Essential Insights On Treating Chronic Venous Stasis Ulcers
What can we do to address prevention, psychosocial issues, recurrence prevention and treatment? Although more clinical evidence is necessary, recent work by Finlayson and colleagues suggests that psychosocial factors of low levels of social support and self-efficacy are “significantly associated with a greater risk of recurring venous leg ulcers.”3 Accordingly, we should encourage the engagement of friends, family and other sources of support.
Essential Diagnostic Considerations
According to the Clinical, Etiology, Anatomy, Pathophysiologic (CEAP) Classification, a venous type ulcer is one of six different types (see “A Pertinent Overview Of The CEAP Classification” at left).8
Category 1 shows telangiectasias or reticular veins like spider veins.
Category 2 will show varicose veins.
Category 3 will start showing varicose veins along with leg swelling.
Category 4 will show evidence of venous stasis skin changes.
Category 5 reflects skin changes in conjunction with healed ulcerations.
Category 6 describes skin changes in association with active ulceration.
Patients in categories 5 and 6 will most likely need wound care management whereas those in categories 1 to 4 will require long-term preventive treatment. Note that if chronic venous insufficiency goes untreated, it might result in secondary lymphedema, which may further complicate venous ulcer management.
The revised CEAP classification of chronic venous disease defines a venous ulcer as a full thickness defect of skin, most frequently in the ankle region (usually in the gaiter region), which fails to heal spontaneously and is sustained by chronic venous disease.8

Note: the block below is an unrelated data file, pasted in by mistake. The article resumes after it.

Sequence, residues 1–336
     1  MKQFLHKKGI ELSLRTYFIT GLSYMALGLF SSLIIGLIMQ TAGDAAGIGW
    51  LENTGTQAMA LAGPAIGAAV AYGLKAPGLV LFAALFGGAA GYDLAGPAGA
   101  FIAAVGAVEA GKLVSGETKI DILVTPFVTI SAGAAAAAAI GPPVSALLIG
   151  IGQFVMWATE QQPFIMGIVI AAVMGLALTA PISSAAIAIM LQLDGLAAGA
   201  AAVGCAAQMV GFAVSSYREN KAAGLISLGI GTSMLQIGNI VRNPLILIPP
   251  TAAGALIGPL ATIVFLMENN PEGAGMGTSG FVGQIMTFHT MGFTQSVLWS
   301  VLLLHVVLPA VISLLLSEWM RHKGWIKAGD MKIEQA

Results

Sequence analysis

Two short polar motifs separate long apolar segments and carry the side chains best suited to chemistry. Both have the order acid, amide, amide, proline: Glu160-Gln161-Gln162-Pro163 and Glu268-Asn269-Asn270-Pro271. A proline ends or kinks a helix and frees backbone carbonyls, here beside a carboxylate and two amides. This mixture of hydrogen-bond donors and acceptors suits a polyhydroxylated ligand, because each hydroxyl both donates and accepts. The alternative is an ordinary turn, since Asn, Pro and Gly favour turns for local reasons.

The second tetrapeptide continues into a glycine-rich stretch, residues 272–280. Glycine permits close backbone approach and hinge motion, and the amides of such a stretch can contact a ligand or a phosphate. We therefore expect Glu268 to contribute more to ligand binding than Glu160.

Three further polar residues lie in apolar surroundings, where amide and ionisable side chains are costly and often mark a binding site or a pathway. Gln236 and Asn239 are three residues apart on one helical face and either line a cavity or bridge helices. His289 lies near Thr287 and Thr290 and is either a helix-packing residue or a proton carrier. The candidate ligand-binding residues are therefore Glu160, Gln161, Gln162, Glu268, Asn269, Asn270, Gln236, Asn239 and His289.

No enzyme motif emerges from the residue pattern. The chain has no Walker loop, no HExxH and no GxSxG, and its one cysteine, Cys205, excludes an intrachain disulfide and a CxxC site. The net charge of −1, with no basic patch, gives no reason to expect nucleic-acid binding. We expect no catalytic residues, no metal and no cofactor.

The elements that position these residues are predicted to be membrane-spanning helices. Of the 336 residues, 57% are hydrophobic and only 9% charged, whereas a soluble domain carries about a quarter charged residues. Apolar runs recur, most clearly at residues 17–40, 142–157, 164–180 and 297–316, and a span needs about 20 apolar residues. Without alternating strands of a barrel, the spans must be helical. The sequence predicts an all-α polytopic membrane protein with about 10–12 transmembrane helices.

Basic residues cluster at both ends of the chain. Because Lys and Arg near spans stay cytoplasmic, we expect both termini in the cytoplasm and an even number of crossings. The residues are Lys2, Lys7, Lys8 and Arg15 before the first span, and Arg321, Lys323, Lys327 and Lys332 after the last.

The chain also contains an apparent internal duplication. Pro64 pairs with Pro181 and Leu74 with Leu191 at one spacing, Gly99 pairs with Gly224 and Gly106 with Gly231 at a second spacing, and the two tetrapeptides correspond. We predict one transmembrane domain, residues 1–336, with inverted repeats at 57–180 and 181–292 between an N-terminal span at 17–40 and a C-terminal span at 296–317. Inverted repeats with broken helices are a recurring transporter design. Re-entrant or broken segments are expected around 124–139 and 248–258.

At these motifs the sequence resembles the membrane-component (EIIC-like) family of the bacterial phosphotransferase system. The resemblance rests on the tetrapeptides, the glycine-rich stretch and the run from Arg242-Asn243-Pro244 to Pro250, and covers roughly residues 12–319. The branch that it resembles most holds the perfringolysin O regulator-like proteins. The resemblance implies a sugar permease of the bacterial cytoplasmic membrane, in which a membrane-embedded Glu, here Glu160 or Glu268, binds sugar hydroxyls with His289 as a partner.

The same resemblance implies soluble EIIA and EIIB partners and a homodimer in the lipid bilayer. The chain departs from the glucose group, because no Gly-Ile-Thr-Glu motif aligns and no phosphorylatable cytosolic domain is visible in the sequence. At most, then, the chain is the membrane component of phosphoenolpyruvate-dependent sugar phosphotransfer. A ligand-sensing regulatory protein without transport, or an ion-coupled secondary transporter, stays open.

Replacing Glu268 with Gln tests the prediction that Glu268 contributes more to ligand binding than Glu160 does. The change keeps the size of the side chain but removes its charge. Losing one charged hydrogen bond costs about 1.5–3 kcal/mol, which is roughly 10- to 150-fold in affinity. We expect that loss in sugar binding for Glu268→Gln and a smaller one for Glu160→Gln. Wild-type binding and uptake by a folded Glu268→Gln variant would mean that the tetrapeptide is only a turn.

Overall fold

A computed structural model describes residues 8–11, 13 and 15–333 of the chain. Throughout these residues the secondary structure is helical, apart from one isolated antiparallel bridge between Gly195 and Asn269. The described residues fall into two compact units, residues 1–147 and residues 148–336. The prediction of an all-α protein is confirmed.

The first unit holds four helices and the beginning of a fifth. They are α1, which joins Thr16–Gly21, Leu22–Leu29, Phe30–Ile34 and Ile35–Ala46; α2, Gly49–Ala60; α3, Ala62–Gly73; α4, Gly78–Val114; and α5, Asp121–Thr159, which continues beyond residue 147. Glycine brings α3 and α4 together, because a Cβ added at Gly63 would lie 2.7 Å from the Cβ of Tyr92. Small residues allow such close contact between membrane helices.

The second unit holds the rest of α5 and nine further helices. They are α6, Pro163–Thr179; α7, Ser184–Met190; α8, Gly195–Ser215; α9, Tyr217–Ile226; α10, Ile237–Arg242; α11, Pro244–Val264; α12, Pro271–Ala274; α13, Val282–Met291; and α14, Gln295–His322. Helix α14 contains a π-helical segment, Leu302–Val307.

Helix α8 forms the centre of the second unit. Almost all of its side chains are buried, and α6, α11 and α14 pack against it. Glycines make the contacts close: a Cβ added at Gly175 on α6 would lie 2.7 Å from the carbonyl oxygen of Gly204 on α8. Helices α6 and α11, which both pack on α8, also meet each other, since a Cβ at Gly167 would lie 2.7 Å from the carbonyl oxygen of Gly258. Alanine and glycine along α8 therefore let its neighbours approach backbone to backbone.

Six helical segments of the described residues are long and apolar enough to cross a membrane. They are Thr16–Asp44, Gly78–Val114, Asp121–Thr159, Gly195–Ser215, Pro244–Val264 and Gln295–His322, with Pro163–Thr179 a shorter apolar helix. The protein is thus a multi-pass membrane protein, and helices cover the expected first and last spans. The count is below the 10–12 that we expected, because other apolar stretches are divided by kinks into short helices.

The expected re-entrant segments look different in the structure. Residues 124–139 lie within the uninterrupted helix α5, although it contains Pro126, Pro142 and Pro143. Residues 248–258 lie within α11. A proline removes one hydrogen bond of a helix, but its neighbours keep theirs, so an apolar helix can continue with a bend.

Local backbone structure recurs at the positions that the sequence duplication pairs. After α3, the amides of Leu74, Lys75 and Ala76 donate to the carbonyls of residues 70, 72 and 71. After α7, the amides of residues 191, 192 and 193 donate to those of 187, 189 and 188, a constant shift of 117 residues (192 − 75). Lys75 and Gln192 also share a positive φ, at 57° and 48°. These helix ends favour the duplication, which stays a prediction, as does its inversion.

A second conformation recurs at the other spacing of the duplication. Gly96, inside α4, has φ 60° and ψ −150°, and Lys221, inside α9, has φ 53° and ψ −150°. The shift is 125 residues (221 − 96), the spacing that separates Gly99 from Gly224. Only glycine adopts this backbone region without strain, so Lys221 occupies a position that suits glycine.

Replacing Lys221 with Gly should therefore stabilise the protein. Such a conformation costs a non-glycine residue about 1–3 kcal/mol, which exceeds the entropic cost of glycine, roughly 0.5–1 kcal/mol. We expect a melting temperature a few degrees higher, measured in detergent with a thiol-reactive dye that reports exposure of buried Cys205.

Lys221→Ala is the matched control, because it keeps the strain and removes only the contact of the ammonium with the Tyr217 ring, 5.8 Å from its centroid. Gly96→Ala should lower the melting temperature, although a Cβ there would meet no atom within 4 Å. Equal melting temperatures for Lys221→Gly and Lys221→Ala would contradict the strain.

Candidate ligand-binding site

The exact etiology of venous ulceration is unknown. However, the mechanism of venous ulcers is theoretically due to the incompetence of the valves causing intraluminal pressures to increase. When venous hypertension is present, blood does not pump as effectively in or out of the area and pools accordingly. Venous hypertension may also stretch veins and allow blood proteins to leak into the extravascular space, isolating extracellular matrix molecules and growth factors, and preventing them from helping to heal the wound.9 Leakage of fibrinogen from veins as well as deficiencies in fibrinolysis may also cause fibrin to build up around the vessels, preventing oxygen and nutrients from reaching cells.9 This improper functioning of vein pressure results in transudation of inflammatory mediators into the subcutaneous tissues of the lower extremity and subsequent breakdown of the tissue including the skin.
Symptoms may include mild to severe edema of leg as well as sensations of fatigue and heaviness with burning or itching. It is helpful to let patients know that sufficient reduction of edema can offer partial relief, if not full relief, of the aforementioned symptoms. There may also be a rash, redness, brown discoloration of hemosiderin staining, lipodermatosclerotic changes as well as xerosis with thick hyperkeratotic plaques. These shallow lesions occur on the medial lower extremity just above the ankle where venous pressure is greatest due to the presence of large communicating veins.